The Wisconsin case (decided by the Court of Appeals) settled that it wasn’t improper for a circuit court to do independent research, since a competent judge has a duty to ensure the correct law is being applied.

The case is Camacho v. Trimble Irrevocable Trust . . . [more]

Posted in: Practice of Law, Substantive Law: Judicial Decisions

Important Articles Dropped From Print

Here are a couple of links to interesting pieces that editors (in their infinite wisdom) decided didn’t need to appear in the print versions of either the Globe and Mail or Canadian Lawyer.

Martha McCarthy was asked to comment on the five years that have elapsed since the Ontario Court of Appeal’s Halpern decision.

Philip Slayton talks about how little we actually know about the judges of the Supreme Court of Canada. He observed from a conversation in a Yaletown bar that it was easier for two Canadian lawyers to list members of the U.S. Supreme Court . . . [more]

Posted in: Miscellaneous, Practice of Law, Substantive Law, Substantive Law: Judicial Decisions

CanLII Adds Past Ontario Cases

Let me quote from the Thursday news release on the CanLII site:

Thanks to a grant from the Law Foundation of Ontario, the following additions have been made on CanLII:

  • All Supreme Court of Canada cases originating from Ontario back to 1876 in searchable HTML and PDF-image format (2,100 cases)
  • All Court of Appeal for Ontario cases that were appealed at the Supreme Court of Canada (1,300 cases)
  • All reported Ontario Superior Court of Justice cases back to 1994 (3,500 cases)

This project added 100,000 pages of historical material on CanLII. CanLII wishes to sincerely thank the Law Foundation of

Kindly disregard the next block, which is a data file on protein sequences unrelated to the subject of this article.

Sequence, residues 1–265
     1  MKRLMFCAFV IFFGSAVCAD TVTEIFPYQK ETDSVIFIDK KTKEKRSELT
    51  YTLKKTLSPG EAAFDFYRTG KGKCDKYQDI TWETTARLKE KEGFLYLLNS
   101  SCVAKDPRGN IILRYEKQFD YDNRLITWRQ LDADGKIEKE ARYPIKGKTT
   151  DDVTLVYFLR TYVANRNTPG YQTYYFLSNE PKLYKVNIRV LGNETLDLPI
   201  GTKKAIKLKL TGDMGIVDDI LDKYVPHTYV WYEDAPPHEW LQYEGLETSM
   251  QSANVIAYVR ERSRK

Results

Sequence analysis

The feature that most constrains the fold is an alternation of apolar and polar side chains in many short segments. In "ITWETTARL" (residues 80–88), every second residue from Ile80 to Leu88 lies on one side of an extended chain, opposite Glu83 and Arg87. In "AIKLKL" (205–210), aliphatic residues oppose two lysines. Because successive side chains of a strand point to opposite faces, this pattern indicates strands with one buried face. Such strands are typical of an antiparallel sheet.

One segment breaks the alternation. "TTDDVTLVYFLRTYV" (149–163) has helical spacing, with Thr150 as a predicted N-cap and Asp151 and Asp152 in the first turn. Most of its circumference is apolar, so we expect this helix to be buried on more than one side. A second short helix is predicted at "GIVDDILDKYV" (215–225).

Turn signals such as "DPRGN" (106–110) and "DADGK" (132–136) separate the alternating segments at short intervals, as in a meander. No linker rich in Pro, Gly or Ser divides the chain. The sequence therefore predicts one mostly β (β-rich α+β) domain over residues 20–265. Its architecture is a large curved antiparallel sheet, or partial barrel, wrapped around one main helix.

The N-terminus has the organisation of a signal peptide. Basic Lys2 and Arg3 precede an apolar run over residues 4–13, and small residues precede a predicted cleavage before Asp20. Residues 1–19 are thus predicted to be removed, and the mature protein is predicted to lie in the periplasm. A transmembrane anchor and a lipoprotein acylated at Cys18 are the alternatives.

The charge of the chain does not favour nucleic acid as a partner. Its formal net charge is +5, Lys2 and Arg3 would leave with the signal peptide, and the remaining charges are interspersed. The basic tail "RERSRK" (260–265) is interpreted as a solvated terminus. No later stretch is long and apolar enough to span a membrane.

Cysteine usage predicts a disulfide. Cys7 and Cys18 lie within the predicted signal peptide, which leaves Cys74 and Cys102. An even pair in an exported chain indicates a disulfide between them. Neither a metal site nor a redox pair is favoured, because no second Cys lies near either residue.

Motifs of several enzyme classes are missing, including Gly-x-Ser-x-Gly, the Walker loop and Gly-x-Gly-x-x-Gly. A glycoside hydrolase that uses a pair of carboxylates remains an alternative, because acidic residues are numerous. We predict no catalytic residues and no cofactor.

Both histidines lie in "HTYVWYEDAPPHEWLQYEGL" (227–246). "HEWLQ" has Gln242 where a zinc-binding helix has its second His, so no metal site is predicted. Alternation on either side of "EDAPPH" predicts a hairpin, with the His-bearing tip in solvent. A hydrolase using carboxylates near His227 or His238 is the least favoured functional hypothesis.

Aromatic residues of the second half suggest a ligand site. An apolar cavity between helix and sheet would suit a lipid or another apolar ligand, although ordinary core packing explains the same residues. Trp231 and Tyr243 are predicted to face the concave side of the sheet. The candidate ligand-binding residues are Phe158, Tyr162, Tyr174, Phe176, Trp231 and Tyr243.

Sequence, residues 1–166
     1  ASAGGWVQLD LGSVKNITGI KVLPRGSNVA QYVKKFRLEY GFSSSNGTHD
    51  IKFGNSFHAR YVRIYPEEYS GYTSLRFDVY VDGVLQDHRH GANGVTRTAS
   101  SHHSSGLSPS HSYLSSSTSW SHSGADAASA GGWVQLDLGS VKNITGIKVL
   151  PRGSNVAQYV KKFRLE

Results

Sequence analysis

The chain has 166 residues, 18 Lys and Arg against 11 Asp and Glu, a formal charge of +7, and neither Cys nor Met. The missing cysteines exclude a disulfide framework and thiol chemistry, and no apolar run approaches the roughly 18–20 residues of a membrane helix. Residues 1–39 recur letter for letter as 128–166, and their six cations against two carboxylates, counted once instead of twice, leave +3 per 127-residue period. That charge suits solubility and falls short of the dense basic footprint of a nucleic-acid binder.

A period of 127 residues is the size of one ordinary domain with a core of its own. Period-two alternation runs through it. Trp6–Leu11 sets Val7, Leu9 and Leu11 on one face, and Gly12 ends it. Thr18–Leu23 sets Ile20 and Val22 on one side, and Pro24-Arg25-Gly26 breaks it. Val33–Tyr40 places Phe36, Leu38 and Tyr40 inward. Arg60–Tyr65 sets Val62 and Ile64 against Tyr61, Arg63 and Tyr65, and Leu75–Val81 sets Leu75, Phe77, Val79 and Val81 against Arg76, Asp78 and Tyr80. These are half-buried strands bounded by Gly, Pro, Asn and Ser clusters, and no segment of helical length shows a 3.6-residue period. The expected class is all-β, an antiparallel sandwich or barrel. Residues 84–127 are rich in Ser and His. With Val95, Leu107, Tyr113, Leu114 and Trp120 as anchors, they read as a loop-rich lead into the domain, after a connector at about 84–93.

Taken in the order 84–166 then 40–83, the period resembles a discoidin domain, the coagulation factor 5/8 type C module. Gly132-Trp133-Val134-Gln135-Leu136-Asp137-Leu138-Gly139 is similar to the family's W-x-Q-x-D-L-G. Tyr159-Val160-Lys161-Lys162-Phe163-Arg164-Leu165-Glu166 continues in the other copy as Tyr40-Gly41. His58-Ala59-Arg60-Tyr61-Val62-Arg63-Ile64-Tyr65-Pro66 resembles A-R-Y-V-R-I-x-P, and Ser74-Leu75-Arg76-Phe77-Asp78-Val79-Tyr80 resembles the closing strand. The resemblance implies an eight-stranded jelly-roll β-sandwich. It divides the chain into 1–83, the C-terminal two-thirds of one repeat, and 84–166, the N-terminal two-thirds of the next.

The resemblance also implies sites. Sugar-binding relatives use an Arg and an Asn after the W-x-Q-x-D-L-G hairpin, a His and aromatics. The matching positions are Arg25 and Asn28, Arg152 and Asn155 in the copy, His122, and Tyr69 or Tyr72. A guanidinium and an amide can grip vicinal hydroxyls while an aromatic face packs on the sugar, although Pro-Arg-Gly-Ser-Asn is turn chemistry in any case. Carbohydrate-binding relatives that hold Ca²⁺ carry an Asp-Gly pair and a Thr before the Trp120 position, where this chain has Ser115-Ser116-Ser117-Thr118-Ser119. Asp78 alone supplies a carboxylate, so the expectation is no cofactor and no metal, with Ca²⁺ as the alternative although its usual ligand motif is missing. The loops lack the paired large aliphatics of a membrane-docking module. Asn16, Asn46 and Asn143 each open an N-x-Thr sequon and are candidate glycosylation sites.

. . . [more]
Posted in: Legal Information, Legal Information: Publishing, Substantive Law: Judicial Decisions

Bernardo Interview Tape to Be Available to All Media

Today Ontario Superior Court Justice David McCombs made his final ruling allowing all media–television and internet alike–access to a tape of an interview with Paul Bernardo.

The video, running 31 minutes, shows Bernardo being questioned in a Kingston, Ontario jail on June 7, 2007 about the murder of Elizabeth Bain. Bernardo was not originally considered a suspect in her death, but some lawyers believe he should have been. Robert Baltovich was convicted of Bain’s murder in 1992.

The tape was meant to be evidence in Baltovich’s court case this past April, but was never played. According to the CBC website: . . . [more]

Posted in: Substantive Law, Substantive Law: Judicial Decisions, Technology

Life Is Just a Fantasy

On June 2, 2008 (one week ago) the U.S. Supreme Court declined to hear an appeal of Major League Baseball Advanced Media v. C.B.C. Distribution and Marketing, Inc (2007) 505 F.3d 818. ((8th Cir.(Mo.) Oct 16, 2007)), the Fantasy Sports case. To backtrack a bit; for those who are unfamiliar, Fantasy Sports (or rotisserie and many other names), is the pursuit where players “select” teams of players from real sports teams and compete against other fantasy sports players based upon the statistics compiled by the players they have selected, Wikipedia Definition here.

Fantasy sports have evolved over the . . . [more]

Posted in: Legal Information, Substantive Law, Substantive Law: Judicial Decisions